Co-owner of Kansas newspaper, who died amid stress from police raid, honored in funeral service

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MARION — Joan Meyer, surrounded by flowers and escorted to her gravesite by the same police force that may have had a hand in her death, was honored by the community in a Saturday service.

“Joann was the epitome of knowing ‘small town’ does not have to mean ‘small mind,’ ” said the Rev. Ron DeVore. “She knew everybody in the community of the county.”

Meyer, the 98-year-old co-owner of the local newspaper, died a day after law enforcement raided her home, where she lived with her son, Marion County Record publisher Eric Meyer.

Her son believes the stress of the unprecedented Aug. 11 raid on her home and the newsroom was a contributing factor in her death. Marion police seized computers, cellphones and materials from the newspaper office and Meyer’s home as part of an investigation into alleged identity theft of a restaurant operator, Kari Newell.

“She just sat most of the evening, you know, ‘Where are all the good people? Where are all the good people and how come they haven’t done something about this. Why are they allowed to do this?’ ” Eric Meyer said in an interview with PBS. “So the last 24 hours of a 98-year-old woman’s life was devoted to pain and anguish, and a feeling that all her life didn’t matter.”

She couldn’t eat or sleep after the raid. A day later, she died in the home she had lived in since 1953, the day before Eric Meyer was born.

Eric Meyer said the first police officers arriving at their house during the raid were nice, but when seven of them made their way through the house, his mother became concerned. They took pictures of her son’s personal bank records and other documents.

“She was so distraught,” Eric Meyer said in the PBS interview. “You know, when you’re 98 years old, your world shrinks a bit. She lived in that house for almost 70 years. It was her castle. It was her safe place.” 

Rowena Plett, a 28-year veteran of the paper, came Saturday to show her respect to Joan, who she said had been an ever-vigilant speller and editor. 

Plett said the paper’s situation was still uncertain.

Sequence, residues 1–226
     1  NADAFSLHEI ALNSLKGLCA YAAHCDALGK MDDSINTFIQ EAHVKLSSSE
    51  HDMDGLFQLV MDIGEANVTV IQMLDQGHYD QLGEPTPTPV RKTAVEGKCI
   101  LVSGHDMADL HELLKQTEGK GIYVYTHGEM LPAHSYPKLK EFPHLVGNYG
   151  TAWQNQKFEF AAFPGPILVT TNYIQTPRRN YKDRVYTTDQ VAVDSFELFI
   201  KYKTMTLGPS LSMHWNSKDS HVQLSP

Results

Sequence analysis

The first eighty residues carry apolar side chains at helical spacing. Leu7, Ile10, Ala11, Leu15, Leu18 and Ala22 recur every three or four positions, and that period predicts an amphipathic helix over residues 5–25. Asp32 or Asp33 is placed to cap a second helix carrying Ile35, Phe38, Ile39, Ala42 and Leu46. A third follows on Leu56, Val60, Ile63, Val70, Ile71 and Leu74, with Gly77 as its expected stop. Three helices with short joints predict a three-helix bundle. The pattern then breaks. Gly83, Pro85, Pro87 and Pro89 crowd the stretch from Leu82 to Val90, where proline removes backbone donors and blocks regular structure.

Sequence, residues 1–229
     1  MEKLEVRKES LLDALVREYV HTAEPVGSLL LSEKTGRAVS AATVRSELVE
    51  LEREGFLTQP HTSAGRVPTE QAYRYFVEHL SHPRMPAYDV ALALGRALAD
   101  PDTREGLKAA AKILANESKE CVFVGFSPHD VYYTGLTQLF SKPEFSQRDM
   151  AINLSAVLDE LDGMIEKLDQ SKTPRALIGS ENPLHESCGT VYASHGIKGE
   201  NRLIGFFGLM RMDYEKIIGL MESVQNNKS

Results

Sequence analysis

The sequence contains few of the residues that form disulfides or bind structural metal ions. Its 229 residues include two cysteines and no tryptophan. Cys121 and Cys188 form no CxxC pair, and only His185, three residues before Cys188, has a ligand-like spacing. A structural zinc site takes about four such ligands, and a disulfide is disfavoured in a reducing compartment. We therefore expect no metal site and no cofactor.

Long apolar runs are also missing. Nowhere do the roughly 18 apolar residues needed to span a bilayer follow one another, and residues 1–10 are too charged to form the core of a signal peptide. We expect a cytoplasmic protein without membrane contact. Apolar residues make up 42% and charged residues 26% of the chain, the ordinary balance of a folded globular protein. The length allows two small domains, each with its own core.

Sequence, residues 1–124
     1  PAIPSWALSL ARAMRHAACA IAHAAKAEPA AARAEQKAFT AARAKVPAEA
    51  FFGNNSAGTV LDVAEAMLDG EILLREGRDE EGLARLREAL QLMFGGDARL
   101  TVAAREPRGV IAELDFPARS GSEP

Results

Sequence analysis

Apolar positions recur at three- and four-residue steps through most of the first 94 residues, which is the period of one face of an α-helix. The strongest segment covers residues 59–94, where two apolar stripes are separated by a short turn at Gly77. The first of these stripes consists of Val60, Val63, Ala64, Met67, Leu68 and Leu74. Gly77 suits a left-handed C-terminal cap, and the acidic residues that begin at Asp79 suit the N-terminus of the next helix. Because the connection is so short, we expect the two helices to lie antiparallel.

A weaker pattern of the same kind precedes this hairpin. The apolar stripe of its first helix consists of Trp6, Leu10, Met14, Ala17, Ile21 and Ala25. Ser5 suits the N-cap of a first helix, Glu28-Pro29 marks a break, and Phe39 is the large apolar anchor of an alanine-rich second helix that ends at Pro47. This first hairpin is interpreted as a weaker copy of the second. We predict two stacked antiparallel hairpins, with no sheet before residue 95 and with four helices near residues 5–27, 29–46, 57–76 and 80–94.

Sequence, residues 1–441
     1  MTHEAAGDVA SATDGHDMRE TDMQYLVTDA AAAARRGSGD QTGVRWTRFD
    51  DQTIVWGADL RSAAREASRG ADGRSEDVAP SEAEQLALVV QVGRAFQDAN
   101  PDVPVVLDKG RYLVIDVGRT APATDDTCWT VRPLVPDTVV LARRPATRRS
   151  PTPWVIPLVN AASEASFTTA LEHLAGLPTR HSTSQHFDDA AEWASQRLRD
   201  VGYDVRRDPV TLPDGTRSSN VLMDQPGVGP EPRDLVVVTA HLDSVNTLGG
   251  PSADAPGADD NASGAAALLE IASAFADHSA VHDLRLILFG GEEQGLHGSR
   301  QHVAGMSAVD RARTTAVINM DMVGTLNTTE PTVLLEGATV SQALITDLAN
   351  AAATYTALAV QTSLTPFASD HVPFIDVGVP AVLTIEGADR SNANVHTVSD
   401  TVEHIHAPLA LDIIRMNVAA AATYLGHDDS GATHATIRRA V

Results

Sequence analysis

“We’re kind of up in the air, nothing finalized,” Plett said. “It’s brought a lot of attention to our little town and our newspaper.”

A Marion police officer prepares to escort Joan Meyer to her gravesite. She died, her son believes, from the stress of Marion police raiding her home and newsroom. (Rachel Mipro/Kansas Reflector)

But Saturday was a celebration of Joan Meyer’s life, not just her harrowing last few hours. A lifelong Marion resident, she spent her life in community engagement. 

She began her 50 years of working at the newspaper in the 1960s, joining her husband, Bill, after Eric was old enough to attend school. Bill, who she married in 1949, had joined the then-called Marion Record-Review in 1948.

She spent almost four decades as the community news editor. When Bill retired in 2005, Joan kept working, although she took a step back after Bill died in 2006. Even after she retired, she listened to a police scanner in her house.

After her retirement, she published a weekly column called “Memories” and still was active in newspaper functions.

“That’s what Joan said newspapers should do, is not tell you what to think but give you the grist for the mill and urge you to think, to consume,” DeVore said to the 60 or so people gathered at the Valley United Methodist Church.

The congregation sang hymns such as “Love Divine, All Loves Excelling,” during the almost-hourlong service.

Eric Meyer said in a Kansas Reflector interview earlier in the week that his mother would have appreciated the outpouring of international support for the newspaper in the days after the raid.

“I think she’d think, ‘Well, I knew I was going to go pretty soon. I’d rather go as part of a cause than something else,’ ” Meyer said. 

As people filtered outside of the church to head to the gravesite, the Record’s newspaper van pulled up, ready to lead the funeral escort.

Just a little down the street, a Marion County police car parked opposite Kari’s Kitchen — which is just steps away from the church — waited to start the procession. The police officer inside stared straight ahead, not looking at the little group of reporters filming the church.

Then everyone got into their cars, the police car set off, and the procession pulled away.

Kansas Reflector is part of States Newsroom, a network of news bureaus supported by grants and a coalition of donors as a 501c(3) public charity. Kansas Reflector maintains editorial independence. Contact Editor Sherman Smith for questions: Follow Kansas Reflector on Facebook and Twitter.

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